4 th Siberian Rifle Regiment, taking advantage of the aisles, safely and almost without loss, attacked and captured the forest.

Thus, the feat of those who did not want to surrender to the senior non-commissioned officer Kozlov and his comrade not only distracted the enemy’s attention and stimulated the demining team to take more active actions - he awakened his artillery from the “hibernation”, which made it possible to lay most of it under cover of its fire. charges that under the influence of the same fire were successfully blown up.

As a result, the attack was crowned with success, and the feat of the sapper heroes saved the blood of the Russian infantry.

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  1. parusnik
    parusnik 16 October 2017 07: 43 New
    Interesting episode. Thank you ..
  2. XII Legion
    XII Legion 16 October 2017 08: 16 New
    Resurrecting a forgotten feat is important in itself
    And if he still saved the lives of people
    Had a tactical significance
    That is doubly important
  3. Barcid
    Barcid 16 October 2017 09: 27 New
    It is a pity that the heroes of WWI almost do not know. Thank you for not letting them forget.
  4. igordok
    igordok 16 October 2017 11: 34 New
    When were anti-personnel mines “born”? In WWII, they were practically nonexistent, and in WWII, they were already used to the full.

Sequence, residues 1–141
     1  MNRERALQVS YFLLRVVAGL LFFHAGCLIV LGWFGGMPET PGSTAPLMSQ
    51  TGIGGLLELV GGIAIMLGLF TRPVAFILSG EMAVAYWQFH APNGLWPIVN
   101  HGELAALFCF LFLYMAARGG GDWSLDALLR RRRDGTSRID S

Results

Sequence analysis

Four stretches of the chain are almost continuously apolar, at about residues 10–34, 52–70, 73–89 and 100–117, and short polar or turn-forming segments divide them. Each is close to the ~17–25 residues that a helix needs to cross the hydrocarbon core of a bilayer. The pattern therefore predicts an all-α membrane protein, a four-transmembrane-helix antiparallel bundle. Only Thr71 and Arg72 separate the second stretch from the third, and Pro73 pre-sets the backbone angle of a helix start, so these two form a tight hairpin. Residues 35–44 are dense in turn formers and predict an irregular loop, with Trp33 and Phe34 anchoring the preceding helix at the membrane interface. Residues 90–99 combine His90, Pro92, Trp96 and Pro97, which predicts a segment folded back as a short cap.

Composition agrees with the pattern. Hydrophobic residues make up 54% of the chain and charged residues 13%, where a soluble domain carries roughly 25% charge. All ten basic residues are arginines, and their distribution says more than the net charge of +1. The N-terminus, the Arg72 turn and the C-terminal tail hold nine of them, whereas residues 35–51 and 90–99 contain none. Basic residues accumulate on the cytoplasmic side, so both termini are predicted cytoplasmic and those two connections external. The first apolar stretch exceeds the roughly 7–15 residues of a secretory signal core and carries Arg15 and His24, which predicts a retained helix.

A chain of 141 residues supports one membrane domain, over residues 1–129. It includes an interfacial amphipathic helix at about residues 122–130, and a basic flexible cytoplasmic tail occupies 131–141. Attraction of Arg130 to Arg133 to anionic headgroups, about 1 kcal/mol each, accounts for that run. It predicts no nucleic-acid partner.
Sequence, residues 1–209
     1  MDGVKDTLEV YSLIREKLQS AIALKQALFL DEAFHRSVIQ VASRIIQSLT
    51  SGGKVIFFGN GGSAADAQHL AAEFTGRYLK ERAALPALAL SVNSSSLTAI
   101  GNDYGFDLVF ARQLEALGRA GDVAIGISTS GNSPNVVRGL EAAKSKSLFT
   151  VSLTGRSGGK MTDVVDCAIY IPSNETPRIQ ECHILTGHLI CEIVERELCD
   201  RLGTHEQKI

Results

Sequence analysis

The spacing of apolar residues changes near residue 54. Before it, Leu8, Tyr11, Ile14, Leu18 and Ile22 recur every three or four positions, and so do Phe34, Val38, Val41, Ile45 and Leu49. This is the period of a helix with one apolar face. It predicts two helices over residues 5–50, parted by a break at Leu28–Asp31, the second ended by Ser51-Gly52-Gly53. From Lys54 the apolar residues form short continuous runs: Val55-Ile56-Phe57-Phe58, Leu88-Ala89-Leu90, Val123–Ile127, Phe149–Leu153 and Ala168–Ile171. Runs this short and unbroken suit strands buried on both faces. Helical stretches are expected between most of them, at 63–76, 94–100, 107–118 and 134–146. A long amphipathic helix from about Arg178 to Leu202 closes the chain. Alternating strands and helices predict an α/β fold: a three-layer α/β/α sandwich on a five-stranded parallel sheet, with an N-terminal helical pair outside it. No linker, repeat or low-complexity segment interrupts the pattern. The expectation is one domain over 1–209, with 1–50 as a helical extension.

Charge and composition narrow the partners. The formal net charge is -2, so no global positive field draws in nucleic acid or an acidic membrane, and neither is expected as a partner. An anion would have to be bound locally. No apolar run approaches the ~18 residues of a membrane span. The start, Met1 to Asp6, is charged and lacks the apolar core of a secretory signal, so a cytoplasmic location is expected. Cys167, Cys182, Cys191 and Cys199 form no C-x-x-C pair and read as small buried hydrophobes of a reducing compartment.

1. soldier
      soldier 16 October 2017 15: 28 New
      In the positional period of the First War, unguided landmines were used - they were usually laid in front of barriers.
      It seems that anti-personnel mines appeared in the interwar period. I read somewhere about the "German shrapnel mine sample 35 g." and about the anti-personnel mine of the Red Army PPM arr. 1933
      Very interesting question
      1. WUA 518
        WUA 518 16 October 2017 18: 28 New
        Quote: soldier
        Very interesting question

        In 1905, Head Captain Karasev developed two anti-personnel mines, the shattering elements of which were shrapnel bullets. The design of these mines provided for factory production. Non-commissioned officer Semenov developed a flexible elongated explosive charge for making passages in wire fences (then it was called a "mine charge"). This development in a modified version began to be made in England in 1941 under the name Snake. The Germans were quite attentive to the experience of the Russo-Japanese War, and although the experience of the mine war was not studied enough, the German army adopted a self-exploding mine called Tretmine by the beginning of the First World War. She was outfitted with dynamite.
        Already at the beginning of 1915, factory-made landmines began to enter the army (the term "mine" at that time was left only for sea mines) were divided by area of ​​application into:


        2. Serfs;

        3. River.

        On a technical basis on:

        1. Ordinary (exploding from a control point);

        2. Self-blasting;

        3. Repeated (unclear term?)., Which was a modification of the Karasev mine. They went under the names of "Large Shrapnel Mine" and "Small Shrapnel Mine." Unfortunately, descriptions of these mines were not preserved.
  5. Gopnik
    Gopnik 16 October 2017 13: 57 New
    Thank. An interesting episode.
  6. Lieutenant Teterin
    Lieutenant Teterin 16 October 2017 14: 45 New
    Great article. To the author - my sincere appreciation for the work done and for the return from oblivion of another heroic page in the history of the Russian Imperial Army and the names of its heroes! hi